The Evidence From Archaeology
Since Joseph believed he was shocking those who believed genetic analysis had disproved Aryan immigration theories, I shall return the favour.
Hypotheses of migrations of Bronze Age populations into the subcontinent fall afoul of archaeological evidence. Paradoxically, as I have described earlier, bronze itself goes missing from the archaeological record for several centuries that are supposed to correspond to the settling of the Bronze Age Indo-Europeans into the subcontinent. As one of the foremost authorities in the archaeology of the Indus Valley Civilisation, Professor Jonathan Mark Kenoyer of the University of Wisconsin points out, this actually reflects a prolonged lack of contact of the subcontinent with the regions the Aryans are supposed to have entered from.
Also, geological evidence shows that the Ghaggar-Hakra river, along whose channels numerous Harappan sites have been discovered, was the River Saraswati described in the Vedas and other ancient literature; indeed, the team of geologists led by Peter D Clift which carried out the geological studies asserted that the descriptions of the Saraswati in those texts was remarkably accurate, as I wrote in an earlier article.
Such findings negate the Aryan immigration model, establish the overlap (if not identity) of the Indus Valley and Vedic cultures, and push back the dates for the composition of the Vedic and other literature considerably.
Agriculture In Subcontinent Indigenous, Autochthonous
There is clear evidence of continuous inhabitation of the Gangetic plain from the Pleistocene. It is also abundantly clear that agriculture was developed indigenously, autochthonously, based on exploiting local resources, at multiple centres on the subcontinent – the Saraswati-Indus region, the Gangetic plain, Eastern, Central and Peninsular India – in a natural progression from a hunting-gathering lifestyle to a sedentary one, with no external stimulus, but with strong interaction between various regions of the subcontinent themselves right from the earliest Neolithic.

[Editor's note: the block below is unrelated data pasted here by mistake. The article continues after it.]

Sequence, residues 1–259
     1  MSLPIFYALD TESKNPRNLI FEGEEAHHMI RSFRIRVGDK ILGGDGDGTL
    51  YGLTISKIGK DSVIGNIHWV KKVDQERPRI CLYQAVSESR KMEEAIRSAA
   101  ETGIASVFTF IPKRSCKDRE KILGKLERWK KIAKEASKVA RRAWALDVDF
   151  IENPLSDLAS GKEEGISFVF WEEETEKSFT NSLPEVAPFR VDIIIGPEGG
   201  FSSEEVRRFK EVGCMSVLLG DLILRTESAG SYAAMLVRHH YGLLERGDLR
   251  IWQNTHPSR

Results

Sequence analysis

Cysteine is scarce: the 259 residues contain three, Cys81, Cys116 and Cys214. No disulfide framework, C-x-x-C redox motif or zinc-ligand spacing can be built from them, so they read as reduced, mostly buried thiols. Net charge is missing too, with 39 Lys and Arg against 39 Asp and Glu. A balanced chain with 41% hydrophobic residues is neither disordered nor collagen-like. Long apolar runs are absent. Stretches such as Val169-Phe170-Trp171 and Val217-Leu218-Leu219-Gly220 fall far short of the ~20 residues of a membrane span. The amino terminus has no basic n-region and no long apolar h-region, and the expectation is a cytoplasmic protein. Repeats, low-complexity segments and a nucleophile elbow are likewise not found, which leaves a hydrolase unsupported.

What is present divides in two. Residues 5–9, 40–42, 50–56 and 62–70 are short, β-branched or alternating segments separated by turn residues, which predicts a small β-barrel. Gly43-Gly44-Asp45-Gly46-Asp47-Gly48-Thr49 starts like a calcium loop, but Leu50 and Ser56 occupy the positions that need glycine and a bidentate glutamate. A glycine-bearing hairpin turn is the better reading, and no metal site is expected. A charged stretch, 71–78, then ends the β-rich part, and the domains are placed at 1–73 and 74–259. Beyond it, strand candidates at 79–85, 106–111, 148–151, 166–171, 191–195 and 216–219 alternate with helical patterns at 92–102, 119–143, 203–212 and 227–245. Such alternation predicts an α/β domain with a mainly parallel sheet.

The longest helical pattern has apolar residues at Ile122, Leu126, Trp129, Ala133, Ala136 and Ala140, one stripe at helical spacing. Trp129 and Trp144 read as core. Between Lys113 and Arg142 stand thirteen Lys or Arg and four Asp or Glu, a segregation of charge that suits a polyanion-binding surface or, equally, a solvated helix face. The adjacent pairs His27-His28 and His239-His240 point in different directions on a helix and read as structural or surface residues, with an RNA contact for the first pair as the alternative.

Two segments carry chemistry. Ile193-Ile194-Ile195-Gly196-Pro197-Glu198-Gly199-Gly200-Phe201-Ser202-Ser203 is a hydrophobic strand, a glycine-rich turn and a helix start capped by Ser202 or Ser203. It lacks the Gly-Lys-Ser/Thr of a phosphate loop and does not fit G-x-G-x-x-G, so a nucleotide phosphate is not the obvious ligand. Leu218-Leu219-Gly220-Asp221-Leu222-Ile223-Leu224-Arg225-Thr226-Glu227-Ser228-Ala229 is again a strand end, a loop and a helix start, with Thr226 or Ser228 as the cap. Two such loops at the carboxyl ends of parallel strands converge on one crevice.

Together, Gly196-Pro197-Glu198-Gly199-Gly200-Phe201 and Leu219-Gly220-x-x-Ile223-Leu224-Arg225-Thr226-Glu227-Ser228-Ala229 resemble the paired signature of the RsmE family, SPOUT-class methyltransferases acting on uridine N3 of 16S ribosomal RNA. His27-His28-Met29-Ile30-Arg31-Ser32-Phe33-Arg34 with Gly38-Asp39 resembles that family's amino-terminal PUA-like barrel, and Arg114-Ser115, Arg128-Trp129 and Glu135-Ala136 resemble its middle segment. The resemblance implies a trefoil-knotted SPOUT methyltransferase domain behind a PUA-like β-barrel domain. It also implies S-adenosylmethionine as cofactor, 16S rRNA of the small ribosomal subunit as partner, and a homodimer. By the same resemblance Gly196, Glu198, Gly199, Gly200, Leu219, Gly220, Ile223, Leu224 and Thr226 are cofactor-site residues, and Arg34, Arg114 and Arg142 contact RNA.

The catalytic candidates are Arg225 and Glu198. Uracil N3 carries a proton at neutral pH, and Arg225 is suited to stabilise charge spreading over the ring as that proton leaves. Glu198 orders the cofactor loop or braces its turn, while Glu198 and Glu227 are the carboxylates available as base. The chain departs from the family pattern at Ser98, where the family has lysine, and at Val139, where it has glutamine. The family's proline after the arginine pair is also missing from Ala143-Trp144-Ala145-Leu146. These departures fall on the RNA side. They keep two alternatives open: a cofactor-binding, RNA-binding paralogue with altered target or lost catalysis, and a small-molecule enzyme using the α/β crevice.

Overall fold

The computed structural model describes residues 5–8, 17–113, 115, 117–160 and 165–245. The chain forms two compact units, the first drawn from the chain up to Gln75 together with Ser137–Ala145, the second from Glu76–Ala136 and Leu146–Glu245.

The myth that the founding of agriculture, whether in the Indus Valley or elsewhere in the subcontinent, is owed to migrations from West Asia (the so-called Fertile Crescent) is not supported by archaeological evidence.
Based on current evidence, whether genetic or archaeological, Joseph’s conclusion that, “...we are a multi-source civilization, not a single-source one, drawing its cultural impulses, its tradition and practices from a variety of lineages and migration histories,” is quite simply totally wrong.
One cannot impressed by Joseph’s quoting of a blogger with a very questionable history like Razib Khan, while selectively omitting the comments of a known scholar in the area like Dr Gyaneshwer Chaubey after having sought them himself.
Can one be sure he has not interviewed other scholars, but left out their views from his article as they didn’t suit his pre-determined agenda – or just didn’t interview scholars he felt held such views?
Joseph and others like him are welcome to write on any topic they please, and are even free to take sides in line with their prejudices. Indeed, all he has done is to paint a very recent paper in a not particularly highly-ranked journal as the final word in the debate, while coolly ignoring well-regarded studies which arrive at differing conclusions in significantly higher-ranked journals.
All one asks is, when writing on a much-debated topic like this one, they should at least show the intellectual sincerity to mention divergent points of view, and not try to create a false impression for the lay reader that they have been conclusively addressed. That is neither very honest nor commendable.